In a Major Breakthrough, Google Unveils an AI That Learns on its Own
This is the beginning of a new age in AI.
Surpassing the Masters
We’ve written before about how Google is one of the most prominent tech companies leading the way when it comes to the development of artificial intelligence. As each month passes, its AI division, DeepMind, continues to reveal increasingly advanced AI capabilities, especially when it comes to AlphaGo.
This particular AI is most well-known for mastering the ancient Chinese game of Go…and subsequently defeating 18-time world champion Lee Se-dol, which happened just last year.
Since then, DeepMind has started adding imagination to its AI, and they also used gaming to teach the AI how to better manage tasks. AlphaGo even went on to defeat another top go player, Ke Jie, once again showing off its (potentially) unlimited potential to learn.
Now, a new development has just come to light.
This week, DeepMind unveiled the next iteration of the AlphaGo AI, dubbed AlphaGo Zero, saying it’s “even more powerful and is arguably the strongest Go player in history.” According to the company, Zero taught itself how to play Go on its own by playing games against itself — previous iterations of AlphaGo learned by studying data gathered from human players.
Zero began as a complete novice, but after just 3 days it beat the version of AlphaGo that bested Lee Se-dol, and it beat it by a staggering 100 games to 0. After 40 days, it proceeded to beat the superior version of AlphaGo that beat Ke Jie.
“AlphaGo Zero also discovered new knowledge, developing unconventional strategies and creative new moves that echoed and surpassed the novel techniques it played in the games against Lee Sedol and Ke Jie,” said DeepMind in their press release.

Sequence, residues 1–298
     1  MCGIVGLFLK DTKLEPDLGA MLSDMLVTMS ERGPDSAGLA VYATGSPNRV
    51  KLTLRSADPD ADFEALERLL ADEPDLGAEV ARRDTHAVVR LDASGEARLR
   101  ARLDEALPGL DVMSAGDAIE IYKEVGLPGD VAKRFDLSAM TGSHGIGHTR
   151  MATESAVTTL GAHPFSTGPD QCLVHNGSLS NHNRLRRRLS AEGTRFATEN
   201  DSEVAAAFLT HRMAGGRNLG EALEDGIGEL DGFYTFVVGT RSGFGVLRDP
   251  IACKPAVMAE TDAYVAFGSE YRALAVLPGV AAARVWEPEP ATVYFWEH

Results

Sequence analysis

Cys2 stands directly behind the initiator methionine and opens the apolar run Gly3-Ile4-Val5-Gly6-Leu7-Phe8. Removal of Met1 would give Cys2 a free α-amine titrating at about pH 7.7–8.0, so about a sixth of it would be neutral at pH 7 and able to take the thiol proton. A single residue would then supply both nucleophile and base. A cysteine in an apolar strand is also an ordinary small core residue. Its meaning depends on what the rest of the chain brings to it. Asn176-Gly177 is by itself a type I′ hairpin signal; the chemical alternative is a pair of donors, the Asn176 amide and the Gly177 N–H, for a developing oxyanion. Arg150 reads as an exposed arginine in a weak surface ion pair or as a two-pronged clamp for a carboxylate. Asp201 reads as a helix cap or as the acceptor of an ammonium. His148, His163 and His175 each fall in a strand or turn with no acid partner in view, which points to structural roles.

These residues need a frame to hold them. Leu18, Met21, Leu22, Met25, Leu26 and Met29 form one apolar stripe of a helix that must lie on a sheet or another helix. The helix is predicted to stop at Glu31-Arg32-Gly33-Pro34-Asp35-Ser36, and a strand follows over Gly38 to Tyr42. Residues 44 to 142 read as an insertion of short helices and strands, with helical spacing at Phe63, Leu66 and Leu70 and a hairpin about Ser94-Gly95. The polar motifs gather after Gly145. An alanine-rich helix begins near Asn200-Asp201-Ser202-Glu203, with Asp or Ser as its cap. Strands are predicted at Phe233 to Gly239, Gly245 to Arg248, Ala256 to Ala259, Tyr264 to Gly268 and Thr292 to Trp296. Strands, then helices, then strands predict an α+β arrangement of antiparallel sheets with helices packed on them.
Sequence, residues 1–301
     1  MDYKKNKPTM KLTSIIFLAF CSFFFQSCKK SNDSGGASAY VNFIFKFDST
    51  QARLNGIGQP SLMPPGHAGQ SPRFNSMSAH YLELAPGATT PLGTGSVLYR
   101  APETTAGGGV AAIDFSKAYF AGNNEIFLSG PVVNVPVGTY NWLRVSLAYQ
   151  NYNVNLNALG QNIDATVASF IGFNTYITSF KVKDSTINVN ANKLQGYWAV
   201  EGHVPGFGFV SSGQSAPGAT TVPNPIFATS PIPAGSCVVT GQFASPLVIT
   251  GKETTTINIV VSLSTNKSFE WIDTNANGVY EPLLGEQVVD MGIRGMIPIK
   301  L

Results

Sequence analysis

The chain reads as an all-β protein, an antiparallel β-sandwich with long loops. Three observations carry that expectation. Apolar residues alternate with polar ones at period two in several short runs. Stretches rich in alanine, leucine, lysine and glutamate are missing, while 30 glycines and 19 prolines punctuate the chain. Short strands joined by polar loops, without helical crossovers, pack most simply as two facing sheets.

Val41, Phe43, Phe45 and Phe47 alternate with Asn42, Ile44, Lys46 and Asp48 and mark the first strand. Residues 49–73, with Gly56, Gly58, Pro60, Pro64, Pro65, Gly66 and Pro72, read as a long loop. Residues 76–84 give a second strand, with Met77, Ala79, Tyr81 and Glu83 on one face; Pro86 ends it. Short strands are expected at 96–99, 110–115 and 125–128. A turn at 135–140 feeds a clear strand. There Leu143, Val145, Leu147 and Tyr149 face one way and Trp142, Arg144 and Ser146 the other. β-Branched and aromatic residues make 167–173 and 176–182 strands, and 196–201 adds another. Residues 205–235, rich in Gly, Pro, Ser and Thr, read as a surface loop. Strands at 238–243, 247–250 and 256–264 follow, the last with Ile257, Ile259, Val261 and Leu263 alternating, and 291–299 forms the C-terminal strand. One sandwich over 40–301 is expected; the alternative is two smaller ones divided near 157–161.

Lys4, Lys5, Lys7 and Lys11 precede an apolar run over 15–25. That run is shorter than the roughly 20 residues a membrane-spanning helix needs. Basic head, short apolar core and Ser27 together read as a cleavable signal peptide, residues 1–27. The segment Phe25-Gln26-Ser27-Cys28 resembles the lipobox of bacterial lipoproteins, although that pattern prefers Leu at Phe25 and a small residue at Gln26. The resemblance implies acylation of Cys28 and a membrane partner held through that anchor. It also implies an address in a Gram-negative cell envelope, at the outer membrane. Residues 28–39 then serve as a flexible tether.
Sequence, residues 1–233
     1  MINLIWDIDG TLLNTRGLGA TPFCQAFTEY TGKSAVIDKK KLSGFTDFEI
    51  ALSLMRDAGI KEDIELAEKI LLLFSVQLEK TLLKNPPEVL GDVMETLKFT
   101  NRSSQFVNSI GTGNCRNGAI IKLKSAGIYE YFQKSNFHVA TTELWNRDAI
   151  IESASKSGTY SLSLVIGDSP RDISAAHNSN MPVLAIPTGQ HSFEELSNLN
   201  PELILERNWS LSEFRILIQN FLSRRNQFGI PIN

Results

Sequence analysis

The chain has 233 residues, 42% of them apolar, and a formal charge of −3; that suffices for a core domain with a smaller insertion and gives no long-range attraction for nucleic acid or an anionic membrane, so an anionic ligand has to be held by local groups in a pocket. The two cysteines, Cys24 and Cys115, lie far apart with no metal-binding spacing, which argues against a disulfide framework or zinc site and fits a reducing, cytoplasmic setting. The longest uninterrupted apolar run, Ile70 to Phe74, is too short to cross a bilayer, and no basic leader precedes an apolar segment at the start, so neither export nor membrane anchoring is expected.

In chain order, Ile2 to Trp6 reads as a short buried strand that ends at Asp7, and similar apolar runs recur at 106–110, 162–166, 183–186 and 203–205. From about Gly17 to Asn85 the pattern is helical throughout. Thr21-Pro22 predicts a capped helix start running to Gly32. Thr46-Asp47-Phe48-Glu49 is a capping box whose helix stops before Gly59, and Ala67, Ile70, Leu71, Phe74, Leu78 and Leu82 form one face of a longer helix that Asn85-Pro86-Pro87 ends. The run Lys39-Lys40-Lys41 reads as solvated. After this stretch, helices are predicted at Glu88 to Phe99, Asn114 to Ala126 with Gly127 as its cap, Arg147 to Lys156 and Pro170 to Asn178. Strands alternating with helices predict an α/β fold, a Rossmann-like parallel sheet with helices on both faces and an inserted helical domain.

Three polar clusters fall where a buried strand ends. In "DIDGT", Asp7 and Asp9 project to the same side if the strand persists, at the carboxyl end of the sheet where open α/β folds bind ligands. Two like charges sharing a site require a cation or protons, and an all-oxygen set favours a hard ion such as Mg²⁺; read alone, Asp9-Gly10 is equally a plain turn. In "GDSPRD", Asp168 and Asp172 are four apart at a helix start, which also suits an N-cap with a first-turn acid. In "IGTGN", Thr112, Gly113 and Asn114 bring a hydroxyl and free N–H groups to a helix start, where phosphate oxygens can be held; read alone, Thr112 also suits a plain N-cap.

Beyond the Game of Go
While AlphaGo Zero’s Go capabilities are to be praised, it should be noted that playing a board game is much different than completing other tasks that have more variables. As Eleni Vasilaki, professor of computational neuroscience at Sheffield University, put it while speaking with The Guardian, “AI fails in tasks that are surprisingly easy for humans. Just look at the performance of a humanoid robot in everyday tasks such as walking, running, and kicking a ball.”
When it comes to matching humans at more complex tasks, AI still has a long way to go — even AI like Siri and the Google Assistant have yet to surpass a fifth grader’s level of knowledge.
But that doesn’t mean that this development isn’t utterly revolutionary.
DeepMind CEO Demis Hassabis is also well aware of this gap between humans and AI, explaining how the development and growth of AlphaGo was more important than just mastering an ancient game, it was also “a big step for us towards building these general-purpose algorithms.”
Within the next decade, Hassabis believes AI will be working alongside people to advance development in fields like science and medicine — the latter of which can already be seen today.
For example, AlphaGo Zero is currently trying to work out how proteins fold, which is something that, if realized, could vastly accelerate drug discovery (the process through which new medications are discovered). This, in turn, could save countless lives and lead us into a new era in medicine.
“I hope that these kinds of algorithms and future versions of AlphaGo-inspired things will be routinely working with us as scientific experts and medical experts on advancing the frontier of science and medicine,” Hassabis said.
Artificial intelligence may not be as smart and capable as us yet, but if AlphaGo Zero is an indication, AI are quick learners. Now it’s just a matter of knowing what to do when the AI takeover inevitably happens.
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